The sociodemographic characteristics of the newborns with surgical conditions referred to and treated at the MTRH, from the county hospitals in both the intervention group (group A) and the control group (group B), were similar. The long median ages at admission that were found in both groups suggested a delay in accessing neonatal surgical care, which could be explained by the 3-delay model that characterizes barriers to healthcare seeking. This model that comprises the delay in deciding to seek care (delay 1), delay in reaching the healthcare facility (delay 2), and delay in receiving quality care once at the health facility (delay 3), was initially developed for use in analyzing maternal deaths . It was later validated and found to be useful in analyzing perinatal deaths in L/MICs [11, 12]. In this study, there was a delay in accessing neonatal surgical care despite the majority of the newborns being born in health facilities. Studies conducted in the MICs reported lower median ages at admission [13, 14], further suggesting socio-economic status as an important determinant of delay in seeking care.
The distribution of the newborns by gender was similar in both groups, with an almost equal male to female ratio. Many of the congenital anomalies that formed the majority of the surgical conditions found in this study have an even gender distribution.
The median birth weights in both groups were similar to those found in other studies [15, 16]. The median weights at admission of the newborns in both groups denoted a median physiological weight loss of 3.0 to 3.5%, which is normal.
The majority of the newborns transported to MTRH with surgical conditions were term a finding that was similar to other studies done in the L/MICs [12, 13]. Studies done in India reported varying proportions of term newborns that ranged from 40.0 to 78.5% [9, 15,16,17].
Spectrum of the surgical conditions seen in newborns referred and transported to MTRH
The majority of the neonatal surgical conditions were congenital anomalies, with the leading anomalies in both groups being gastroschisis, hydrocephalus, Hirschsprung’s disease, and ARM. Ikol et al. reported similar findings in a previous study . Ekenze et al. reported that 2.6 million children are born with congenital anomalies in sub-Saharan Africa, many of which are only amenable to surgery during the neonatal period . Hospital-based studies in Africa have reported incidences of congenital anomalies at 1.5% in Egypt and 2.5% in East Africa [20,21,22].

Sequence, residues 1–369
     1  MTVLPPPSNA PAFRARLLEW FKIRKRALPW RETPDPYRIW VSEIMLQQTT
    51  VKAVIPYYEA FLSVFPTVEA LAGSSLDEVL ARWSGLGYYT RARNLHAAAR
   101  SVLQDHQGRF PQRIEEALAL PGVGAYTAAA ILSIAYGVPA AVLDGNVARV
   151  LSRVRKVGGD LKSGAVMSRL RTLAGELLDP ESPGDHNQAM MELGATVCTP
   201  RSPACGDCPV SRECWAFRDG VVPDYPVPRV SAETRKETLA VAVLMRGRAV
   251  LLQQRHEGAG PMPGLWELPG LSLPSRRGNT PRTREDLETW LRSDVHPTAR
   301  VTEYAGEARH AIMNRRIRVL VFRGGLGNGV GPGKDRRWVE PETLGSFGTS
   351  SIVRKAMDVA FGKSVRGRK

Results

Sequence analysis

These findings further conform to the WHO estimates that approximately 10% of all neonatal deaths in sub-Saharan Africa and southern Asia are due to congenital anomalies . Whereas ARM had previously been reported to be the most prevalent congenital anomaly in African children , and in Egypt , gastroschisis remains the most prevalent congenital anomaly at MTRH. Opara et al. reported similar findings in a retrospective study done in Nigeria .
The spectrum of the surgical conditions in newborns referred from the county hospitals in the intervention group (group A) had more acute conditions (ARM, intestinal atresia, and gastroschisis) compared to that of newborns referred from the county hospitals in the control group (group B). This could perhaps be due to the fact that the intervention (training of the clinicians and subsequent introduction of the structured SOP) may have sensitized the clinicians to promptly refer and transport more acutely ill newborns with surgical conditions. On the contrary, more acutely ill newborns in the county hospitals in the control group could have succumbed to their surgical illness before referral.
Referral and transport characteristics of newborns with surgical conditions
The majority of the newborns referred from the county hospitals in the intervention group received appropriate pre-transport stabilization. Aggarwal et al. underscored the importance of stabilization before transport of referred newborns . In the contrary, Buch et al. in a similar study in India reported that pre-referral treatment was given only to a paltry 23.5% of their referred newborns .
This study further demonstrated the positive effect of the introduction of a structured SOP for transport of newborns with surgical conditions on their referral and transport characteristics. In the majority of the referred newborns, MTRH was contacted prior to commencement of the referral and transport process. This could perhaps be indicating the effect of the referral strategies that were initiated by the Ministry of Health in 2014 . However, this characteristic showed a statistically significant difference between the newborns referred from the county hospitals in group A and those referred from the county hospitals in group B. The main mode of communication on referral of the newborns in both groups was written. This was in contrast to the finding by Butt et al. in a study done in Pakistan, in which they reported that only 11.1% of the referred newborns had referral letters . Their study further concluded that maintaining good standards in medical note keeping and referral documentation is important in planning further patient management and counseling parents on their newborns’ prognosis. Mutlu et al. in a study done in Turkey found that 71% of the referred neonates had referral notes , and Buch et al. in a study done in India reported a paltry 41.9% of referred newborns that had referral letters , which is in contrast to the findings in this study.